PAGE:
Rain gardens should look and perform like gardens. Because the process is relatively new, there has been some controversy over the soils used in bio-retention systems. Unfortunately, the complexity of the soils and influx of silt into the system from the runoff can result in the clogging and failureof the system. Most systems using natural soil parameters may result in higher maintenance or total replacement in five years. If the nutrient content is too high, the opportunities for the nutrients to be discharged into a creek or other body of water during the establishment period are greater. The other concern is the aesthetics of the plants. It is difficult to find plant material that can survive saturated soil for a period of time and then survive during the dry periods for an undefined period of time. A bed of weedy suffering plants does little to promote the use of rain gardens.
Using expanded shale, clay or slate (ESCS) fines to provide additional air space deep in the system profile showed increased oxygen for the plant roots. Plant roots provide the perfect environment for the microbes to do their job while increasing phosphorous removal. Do not underestimate the value that plants have in this process; not only for cleansing the runoff but also by providing an attractive alternative to stagnant holding ponds. Extensive and vital research projects with UNC Charlotte involving laboratory column testing of the expanded slate fines and field trials at NCSU were completed. The research demonstrated that the expanded slate fines used in bio-retention media functioned in a manner acceptable to the North Carolina DENR Division of Water Quality. The field trial research also demonstrated that plants establish quicker and survive during dry periods. The aeration capabilities of the media allow roots to grow longer and deeper within the system. ESCS fines enhance the natural physical and biological processes in vegetated bioretention by promoting healthy root systems that contribute to the remediation of pollutants found in stormwater runoff.
The angular shape of the particles includes micropores providing an additional porous surface area containing 54% available pore space on the particle surface allowing water to be retained and released slowly within the system. This angular shape also can trap fines from runoff. This reduces the chance of the migration of fines to the base of the system, thereby helping to prevent future clogging. Internal storage will contain oil and grease contamination thereby preventing pollution from overflow releases resulting from subsequent rain events. Additional treatment continues by way of adsorption and retention. When compacted, the porosity and angular shape allows the expanded slate fines material to meet the required infiltration rates. The system will be more sustainable because silt contamination from site erosion and sludge from pavement is trapped on the media surface and can easily be skimmed and removed.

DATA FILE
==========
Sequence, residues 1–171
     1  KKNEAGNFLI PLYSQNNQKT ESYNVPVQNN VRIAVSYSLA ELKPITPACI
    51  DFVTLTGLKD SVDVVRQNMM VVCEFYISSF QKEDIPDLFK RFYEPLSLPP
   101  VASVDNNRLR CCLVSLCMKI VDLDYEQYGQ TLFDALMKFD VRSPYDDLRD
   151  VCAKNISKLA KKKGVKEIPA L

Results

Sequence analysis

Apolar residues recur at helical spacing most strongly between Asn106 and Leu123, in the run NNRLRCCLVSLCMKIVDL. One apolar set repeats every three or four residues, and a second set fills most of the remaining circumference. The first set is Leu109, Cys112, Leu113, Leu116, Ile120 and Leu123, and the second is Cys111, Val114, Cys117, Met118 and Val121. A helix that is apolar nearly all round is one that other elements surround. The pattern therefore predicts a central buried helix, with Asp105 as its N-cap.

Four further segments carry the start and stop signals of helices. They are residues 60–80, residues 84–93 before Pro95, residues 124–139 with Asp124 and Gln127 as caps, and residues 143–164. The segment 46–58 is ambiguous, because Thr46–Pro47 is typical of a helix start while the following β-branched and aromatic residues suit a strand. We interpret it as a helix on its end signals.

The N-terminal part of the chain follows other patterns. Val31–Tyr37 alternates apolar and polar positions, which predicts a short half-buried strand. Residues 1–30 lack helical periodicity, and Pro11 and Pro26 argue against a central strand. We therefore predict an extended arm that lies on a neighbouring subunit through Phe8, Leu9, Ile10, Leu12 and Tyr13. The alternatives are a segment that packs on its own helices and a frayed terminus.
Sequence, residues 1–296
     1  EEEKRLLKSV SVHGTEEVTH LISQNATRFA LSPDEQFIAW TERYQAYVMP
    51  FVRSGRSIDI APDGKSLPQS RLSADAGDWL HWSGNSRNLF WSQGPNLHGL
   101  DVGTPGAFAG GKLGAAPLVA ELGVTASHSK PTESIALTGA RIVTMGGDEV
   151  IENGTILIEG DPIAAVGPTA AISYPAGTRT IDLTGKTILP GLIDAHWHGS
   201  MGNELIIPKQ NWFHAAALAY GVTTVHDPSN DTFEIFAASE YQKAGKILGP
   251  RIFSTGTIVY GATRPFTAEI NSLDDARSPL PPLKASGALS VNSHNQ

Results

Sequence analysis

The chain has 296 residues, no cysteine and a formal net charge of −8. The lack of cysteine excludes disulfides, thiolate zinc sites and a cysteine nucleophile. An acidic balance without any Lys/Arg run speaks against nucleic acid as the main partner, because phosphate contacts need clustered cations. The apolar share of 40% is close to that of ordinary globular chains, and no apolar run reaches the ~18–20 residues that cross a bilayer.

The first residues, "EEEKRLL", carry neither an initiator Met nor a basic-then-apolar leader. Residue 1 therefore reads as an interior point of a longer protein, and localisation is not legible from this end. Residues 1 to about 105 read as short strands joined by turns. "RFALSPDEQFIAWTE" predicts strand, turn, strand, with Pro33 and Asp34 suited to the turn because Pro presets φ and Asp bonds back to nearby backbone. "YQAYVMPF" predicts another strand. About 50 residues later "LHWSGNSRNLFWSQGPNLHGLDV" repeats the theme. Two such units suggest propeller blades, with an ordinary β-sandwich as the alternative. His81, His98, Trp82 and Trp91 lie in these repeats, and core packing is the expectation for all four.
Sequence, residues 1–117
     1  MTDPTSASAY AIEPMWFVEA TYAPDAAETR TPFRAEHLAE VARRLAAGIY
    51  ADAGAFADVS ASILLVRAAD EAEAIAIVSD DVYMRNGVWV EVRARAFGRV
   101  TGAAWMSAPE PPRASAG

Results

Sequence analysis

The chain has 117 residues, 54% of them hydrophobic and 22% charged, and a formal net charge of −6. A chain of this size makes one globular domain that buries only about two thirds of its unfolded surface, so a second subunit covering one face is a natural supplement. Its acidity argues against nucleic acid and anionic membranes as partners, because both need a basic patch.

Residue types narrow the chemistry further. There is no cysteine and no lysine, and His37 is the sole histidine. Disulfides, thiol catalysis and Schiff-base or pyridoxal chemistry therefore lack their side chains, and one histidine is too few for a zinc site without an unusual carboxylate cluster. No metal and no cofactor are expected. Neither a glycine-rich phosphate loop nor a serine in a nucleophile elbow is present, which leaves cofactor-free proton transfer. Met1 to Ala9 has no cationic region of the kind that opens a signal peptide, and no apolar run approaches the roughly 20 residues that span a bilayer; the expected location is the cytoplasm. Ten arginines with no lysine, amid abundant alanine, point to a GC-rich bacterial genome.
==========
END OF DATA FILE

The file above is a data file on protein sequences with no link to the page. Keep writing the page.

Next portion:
Case studies show how the selection of growing media can impact success or failure. Established North Carolina projects in Raleigh, Charlotte and Asheville will be showcased such as, Northlake Mall in Huntersville, NC and an award winning project at NCSU. Alternative media allows planners and developers a broader palette of BMP designs to meet the required nutrient load reductions, aesthetics and maintenance costs. Engineers and planners dedicate hours to designing stormwater control systems. Therefore, the soils and filter media must be thoughtfully selected in order to fulfill the concept from the drawing board to the field.
See the related article below on the Best Urban Best Management Practice in the Bay Award contest (BUBBA) recognizing the best urban BMPs.
by Chuck Friedrich, RLA, ASLA, Carolina Stalite Company
New to the BUBBAs this year, this award category of urban best management practice presented by the Chesapeake Stormwater Network looks for nontraditional solutions for the management or mitigation of stormwater at a site that can be applied locally to benefit the Chesapeake Bay watershed.
One honoree, The Artists’ Backyard, is a multiphase stormwater retrofit project on the NC State University campus. Implemented from 2011-2014, the project was designed and built by the NC State Department of Landscape Architecture Design+Build Studio in partnership with NC State University Housing. The project addresses numerous stormwater issues using bioinfiltration (rain garden media using 80%expanded slatefines blended with 20% pine bark fines)and conveyance devices, permeable paving, structural and amended soils, a 500-gallon cistern and hydro-zoned plantings.